GetsuFumaDen: Undying Moon Preview
Pure roguelikes can be some of the most frustrating and rage-inducing games in existence–entirely on purpose, I might add–so the idea of adding those infuriating mechanics to another, calmer genre sounds like a terrible idea. It turned out to be a fantastic one. GetsuFumaDen: Undying Moon is described as an “Ukiyo-e style roguevania 2D action” game by Konami, which means it’s an unholy mix of procedurally generated levels, deceptively complex combat mechanics, and sprawling environments that demand constant backtracking. The result is a stylish game filled with frantic energy that still demands real thought be put into it. Though technically a remake of one of Konami’s oldest, Japanese-exclusive IPs, GetsuFumaDen: Undying Moon works as a standalone title and is one of the most beautiful games I’ve played in years.
A Journey Into Hell Itself
The plot of the game is simple: the demon Ryukotsuki has risen after a thousand years of slumber, ripping open a hole that leads straight to hell and allowing countless evil spirits to flood out into the world. It’s the duty of the Getsu clan to descend into the pit and stop the madness. Unfortunately, your older brother, the clan’s strongest warrior, has gone missing. Your name is Getsu Fuma, and you must walk into hell in his place. If that sounds a little dangerous, don’t worry—this is a roguevania, which means the mysterious Shrine Maiden who serves your family will summon your soul back to a new body upon death. And believe me, you will die. A lot. Even on the lightest difficulty, this game is hard.
An enormous variety of enemies await you in this stunning dark fantasy, all of which have their own attack patterns and will destroy you if you’re careless. The winding, maze-like levels are as gorgeous as they are foreboding. The whole experience has a very mythological tone and distinctly Japanese tone reminiscent of games like Okami. Playing GetsuFumaDen: Undying Moon feels like listening to a gifted storyteller bring ancient legends to life.
The procedurally generated levels grow larger and more maze-like the further you advance, requiring plenty of backtracking to grab everything, but you can quick travel between activated Shrine Gates for convenience. Finding the correct route to advance leads you to a boss fight with an enemy straight out of Japanese legend–a beast so large it fills most of the screen. Even an ordinary enemy can kill you if you slip, so fighting a boss is an exercise in trial and error. There’s always a twist or a unique mechanic to a boss fight, and solving the puzzle is half the fun.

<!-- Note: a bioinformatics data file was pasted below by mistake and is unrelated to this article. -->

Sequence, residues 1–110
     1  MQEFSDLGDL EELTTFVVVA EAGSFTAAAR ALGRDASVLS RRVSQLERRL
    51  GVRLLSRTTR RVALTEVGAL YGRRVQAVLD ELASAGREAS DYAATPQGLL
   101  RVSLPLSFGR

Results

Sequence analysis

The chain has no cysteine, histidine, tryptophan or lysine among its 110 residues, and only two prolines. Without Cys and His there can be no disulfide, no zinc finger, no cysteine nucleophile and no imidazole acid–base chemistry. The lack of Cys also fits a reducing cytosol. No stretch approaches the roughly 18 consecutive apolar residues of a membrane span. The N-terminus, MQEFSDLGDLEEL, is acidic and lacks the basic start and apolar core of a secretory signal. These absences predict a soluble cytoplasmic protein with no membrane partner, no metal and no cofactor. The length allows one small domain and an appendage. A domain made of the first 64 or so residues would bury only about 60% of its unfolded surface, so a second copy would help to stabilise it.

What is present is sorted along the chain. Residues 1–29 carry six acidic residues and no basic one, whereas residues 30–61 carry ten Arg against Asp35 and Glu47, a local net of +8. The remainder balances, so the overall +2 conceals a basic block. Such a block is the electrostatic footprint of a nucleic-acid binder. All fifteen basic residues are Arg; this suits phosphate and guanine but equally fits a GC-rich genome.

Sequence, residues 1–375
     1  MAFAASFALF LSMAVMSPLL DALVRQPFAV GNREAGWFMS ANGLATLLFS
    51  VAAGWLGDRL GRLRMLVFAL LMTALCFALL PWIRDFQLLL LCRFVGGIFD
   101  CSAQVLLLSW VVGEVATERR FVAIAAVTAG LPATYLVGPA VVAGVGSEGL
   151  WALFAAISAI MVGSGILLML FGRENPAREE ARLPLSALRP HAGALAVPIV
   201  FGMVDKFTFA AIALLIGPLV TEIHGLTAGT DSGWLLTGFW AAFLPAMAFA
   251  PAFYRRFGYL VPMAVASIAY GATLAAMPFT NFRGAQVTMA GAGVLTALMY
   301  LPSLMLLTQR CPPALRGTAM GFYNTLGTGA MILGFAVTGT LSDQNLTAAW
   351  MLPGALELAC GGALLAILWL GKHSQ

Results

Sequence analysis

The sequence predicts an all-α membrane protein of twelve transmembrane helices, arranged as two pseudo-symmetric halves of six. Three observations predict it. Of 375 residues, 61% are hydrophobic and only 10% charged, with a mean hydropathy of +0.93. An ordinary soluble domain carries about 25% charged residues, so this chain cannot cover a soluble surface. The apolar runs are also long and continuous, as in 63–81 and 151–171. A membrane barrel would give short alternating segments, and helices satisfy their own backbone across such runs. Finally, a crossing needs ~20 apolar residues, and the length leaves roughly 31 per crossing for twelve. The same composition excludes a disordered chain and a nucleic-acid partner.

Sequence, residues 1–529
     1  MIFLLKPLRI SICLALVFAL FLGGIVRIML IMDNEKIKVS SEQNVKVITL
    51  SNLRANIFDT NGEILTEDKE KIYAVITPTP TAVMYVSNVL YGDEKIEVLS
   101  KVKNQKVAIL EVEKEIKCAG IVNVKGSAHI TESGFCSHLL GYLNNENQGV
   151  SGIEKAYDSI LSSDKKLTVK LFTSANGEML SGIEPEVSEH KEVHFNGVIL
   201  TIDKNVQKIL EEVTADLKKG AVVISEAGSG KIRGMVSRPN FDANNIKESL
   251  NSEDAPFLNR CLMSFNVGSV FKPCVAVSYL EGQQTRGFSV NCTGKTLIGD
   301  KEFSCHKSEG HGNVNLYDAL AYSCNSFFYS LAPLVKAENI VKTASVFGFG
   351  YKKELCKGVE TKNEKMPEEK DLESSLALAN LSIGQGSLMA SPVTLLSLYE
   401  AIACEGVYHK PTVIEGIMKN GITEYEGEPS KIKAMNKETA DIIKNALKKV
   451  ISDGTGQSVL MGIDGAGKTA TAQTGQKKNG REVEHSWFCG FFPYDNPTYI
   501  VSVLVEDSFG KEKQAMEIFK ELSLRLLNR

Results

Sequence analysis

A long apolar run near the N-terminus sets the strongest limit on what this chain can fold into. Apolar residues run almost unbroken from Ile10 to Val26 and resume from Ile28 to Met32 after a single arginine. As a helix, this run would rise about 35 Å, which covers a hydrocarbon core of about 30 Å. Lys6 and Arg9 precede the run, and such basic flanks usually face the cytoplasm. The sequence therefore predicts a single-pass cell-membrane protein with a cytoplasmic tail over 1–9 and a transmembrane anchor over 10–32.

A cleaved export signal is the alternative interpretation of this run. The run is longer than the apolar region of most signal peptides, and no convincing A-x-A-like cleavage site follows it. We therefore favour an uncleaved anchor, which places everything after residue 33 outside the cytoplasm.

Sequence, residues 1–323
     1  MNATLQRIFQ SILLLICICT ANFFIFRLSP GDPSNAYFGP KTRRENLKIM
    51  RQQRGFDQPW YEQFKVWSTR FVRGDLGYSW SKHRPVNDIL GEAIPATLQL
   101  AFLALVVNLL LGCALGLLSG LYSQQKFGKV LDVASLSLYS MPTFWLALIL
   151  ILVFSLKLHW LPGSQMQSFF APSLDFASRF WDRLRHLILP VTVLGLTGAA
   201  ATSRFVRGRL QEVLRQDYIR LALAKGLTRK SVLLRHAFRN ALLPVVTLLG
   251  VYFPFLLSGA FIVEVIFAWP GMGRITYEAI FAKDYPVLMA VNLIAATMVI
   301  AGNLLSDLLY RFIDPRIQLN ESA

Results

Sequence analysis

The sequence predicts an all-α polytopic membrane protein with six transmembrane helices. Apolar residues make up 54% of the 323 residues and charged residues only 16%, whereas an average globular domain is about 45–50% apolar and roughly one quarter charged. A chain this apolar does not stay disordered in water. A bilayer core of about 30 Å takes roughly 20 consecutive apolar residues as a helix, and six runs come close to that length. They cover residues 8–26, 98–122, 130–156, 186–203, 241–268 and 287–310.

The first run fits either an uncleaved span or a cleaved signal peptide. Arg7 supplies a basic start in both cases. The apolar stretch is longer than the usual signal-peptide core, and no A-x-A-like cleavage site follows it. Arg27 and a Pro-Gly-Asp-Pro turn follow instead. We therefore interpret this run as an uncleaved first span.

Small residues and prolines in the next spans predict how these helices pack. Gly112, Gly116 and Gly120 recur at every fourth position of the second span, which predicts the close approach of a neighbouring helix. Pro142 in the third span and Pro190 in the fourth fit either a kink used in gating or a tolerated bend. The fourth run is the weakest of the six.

Style and Substance
The game’s unique visual style immediately caught my attention. GetsuFumaDen: Undying Moon is, to put it simply, gorgeous. It feels like playing through an elaborate Japanese ukiyo-e painting or woodblock print that may, at any moment, suddenly transform into a bloodbath. The atmosphere is thick, gorgeous, and sent a creeping chill down my spine. The haunting soundtrack uses a variety of traditional Japanese instruments to create a sense of solemn beauty and deep, sorrowful unease. Fitting for a game about carving your way into hell.
The game’s environment and enemy design lean heavily into this, too. Getsu Fuma is a far more stylized figure than, say, Jin Sakai, but he’d look right at home in an ukiyo-e print. So would the foes you encounter, which include floating monster heads, vicious oni, undead cicada spirits, the tormented souls of warriors who killed civilians on the battlefield, and enormous burning skeletons. Hanged bodies and rotting skeletons decorate the levels in a display as grotesque as it is stunning.
In fact, the game is so dedicated to its traditional Japanese aesthetic that the protagonist’s name remains in Japanese name order, surname before given name, which might be a bit confusing for those unfamiliar with Japanese culture. That said, the title is so streamlined and action-packed that this is more of a stylistic choice than anything else, and GetsuFumaDen: Undying Moon uses its style as a weapon. Fast platforming, a complex weapon and weapon upgrade system, an expanding world that rewards skill and punishes mistakes–this game truly has it all, and it’s still in Early Access. I’m on the edge of my seat waiting for the full release.
***Preview code provided by the publisher***